Returning to the role he originated 10 years ago, stage and screen actor (and TV director) Tate Donovan is about to appear in a radio theater production of Kenneth Lonergan’s Lobby Hero, for a short run at the Skirball Cultural Center.
As part of its weekly public radio show, L.A. Theatre Works will stage and record the five performances, June 15-19, under the direction of Bart DeLorenzo. The cast also includes Michael Weston, Cedric Sanders and Emily Swallow.
Donovan, who plays senior New York police officer Bill,Â has appeared previously with L.A. Theatre Works in Prelude To A Kiss and Hay Fever. In this production of Lobby Hero, Tate reprises the role that he originated Off-Broadway at Playwrights Horizon in 2001.
L.A. Theatre Works stages radio theater productions of a wide range of plays, from contemporary to classic theater. After three days of rehearsal, five performances are presentedÂ in front of live audiences of around 350 people each at Skirball Cultural Center, captured by radio mikes, minus sets and costumes.Â Alongside the actors on stage is a foley artist who creates live sound effects.
Lobby Hero will be recorded for future radio broadcast, to air locally on 89.3 FM KPCCÂ and also on public radio stations across the country.Â All five performances are recorded, and the best takes of each night are edited together to form the final broadcast CD. The CD will be available for purchase through L.A. Theatre Works’ Audio Theatre Collection, and the plays also can be streamed on demand at www.latw.org.
Recalls Donovan, “I did the original production [of Lobby Hero] at Playwrights Horizons 10 years ago, and I remember when I was doing it, I talked to Susan Albert Loewenberg, a producer over at L.A. Theatre Works, about it. I’ve done a bunch of radio plays for them over the years.”
Donovan suggested Lobby Hero for the radio series back then. “It finally came around. But first they did Kenny’s [Lonergan’s] This Is Our Youth, which was Kenny’s first play that did well.”
Lobby Hero is aÂ wry and comic modern morality play about crime and personal responsibility. The action plays out in a lobby of a New York City apartment building where Jeff is a security guard on the night shift.Â When his supervisor lies during a murder investigation, Jeff’s loyalty is put to the test. Donovan plays the self-assured NYPD veteran Bill, whose partner Dawn is a young rookie cop.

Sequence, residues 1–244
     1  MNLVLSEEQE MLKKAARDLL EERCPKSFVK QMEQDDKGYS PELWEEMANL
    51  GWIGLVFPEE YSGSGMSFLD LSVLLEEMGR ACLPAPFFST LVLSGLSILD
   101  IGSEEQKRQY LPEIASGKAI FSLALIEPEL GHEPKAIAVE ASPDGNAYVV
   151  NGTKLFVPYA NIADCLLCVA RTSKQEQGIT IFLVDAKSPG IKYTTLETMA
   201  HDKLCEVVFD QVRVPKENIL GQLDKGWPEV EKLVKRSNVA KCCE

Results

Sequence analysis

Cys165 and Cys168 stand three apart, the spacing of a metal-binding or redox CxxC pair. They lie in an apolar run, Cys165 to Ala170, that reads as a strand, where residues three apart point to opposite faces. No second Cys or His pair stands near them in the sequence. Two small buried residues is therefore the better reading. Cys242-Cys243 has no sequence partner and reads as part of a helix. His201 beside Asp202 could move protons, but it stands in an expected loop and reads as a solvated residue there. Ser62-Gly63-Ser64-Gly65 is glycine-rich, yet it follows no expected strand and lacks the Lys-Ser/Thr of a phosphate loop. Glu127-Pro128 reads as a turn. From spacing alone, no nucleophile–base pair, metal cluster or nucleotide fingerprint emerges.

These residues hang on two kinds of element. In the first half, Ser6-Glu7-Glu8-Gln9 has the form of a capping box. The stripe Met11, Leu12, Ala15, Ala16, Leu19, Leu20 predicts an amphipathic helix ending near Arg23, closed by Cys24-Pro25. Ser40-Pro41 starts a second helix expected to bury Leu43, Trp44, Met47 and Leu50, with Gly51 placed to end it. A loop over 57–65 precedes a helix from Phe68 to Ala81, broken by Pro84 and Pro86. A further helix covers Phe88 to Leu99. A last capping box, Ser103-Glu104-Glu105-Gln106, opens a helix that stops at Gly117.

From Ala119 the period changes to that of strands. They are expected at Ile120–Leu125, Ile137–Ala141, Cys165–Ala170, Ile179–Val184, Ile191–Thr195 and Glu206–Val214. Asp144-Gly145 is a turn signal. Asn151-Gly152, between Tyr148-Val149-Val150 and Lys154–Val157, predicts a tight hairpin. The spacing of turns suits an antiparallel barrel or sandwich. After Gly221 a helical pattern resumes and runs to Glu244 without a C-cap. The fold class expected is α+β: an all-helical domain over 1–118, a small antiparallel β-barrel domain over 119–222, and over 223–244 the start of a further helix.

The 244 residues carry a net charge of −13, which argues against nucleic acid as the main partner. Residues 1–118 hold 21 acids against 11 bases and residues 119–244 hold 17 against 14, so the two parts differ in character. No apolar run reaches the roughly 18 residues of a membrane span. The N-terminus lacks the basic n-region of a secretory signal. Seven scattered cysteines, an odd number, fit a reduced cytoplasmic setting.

Donovan says Loewenberg recently called him in New York and asked if he wanted to be a part of the radio presentation. The actor laughs quietly, “I’m actually now the right age to play the character, the senior cop. The last time I was a little too young for it. They call my character “˜Big Bill.’ I’m a bad-ass.” A decorated police officer with years on the force, Donovan’s character isn’t above sneaking off for a quickie while he’s on the job. “I wouldn’t say I was corrupt or anything, just a bit skeevy,” the handsome actor clarifies.
With its balanced cast of two apartment building security officers and two police officers, Lonergan presents a study of human nature and the damage caused by questionable motives. Themes of sexual jealousy, police corruption, racial tension and the quest for honor are all touched on in this humorous but corrosive play.
Donovan explains, “Like any decent play, no one character is all good or all bad. It’s just a really great play that poses some moral questions. The character of Jeff is the “˜lobby hero,’ but there are four characters and each of them could be considered the “˜lobby hero’ at some time during the play. Everyone is pulling the rope for what they want, and you can’t really say any one of them is better than the other.”
On performing in radio plays.
Donovan has performed for the L.A. Theatre Works radio series several times in the past and also performed radio plays for the BBC in London.
“It’s a lot of fun,” he says. “There is less pressure. You perform it over five nights, so it’s not as if you have to nail it. You have the script in your hand and it’s generally a good time.”
The actors aren’t performing only for the microphones. “There’s an audience there, and you do feel them. That’s what makes it so much fun. It’s always sold out, too,” Donovan adds, with a hint of astonishment in his warm voice. “I’m always shocked at how many people come and watch these productions.” Donovan is certain audiences are bound to enjoy the radio presentation.Â “Another good thing about Lobby Hero is it’s super funny. Kenny is a really funny writer.”
Performing in a Tony-nominated play.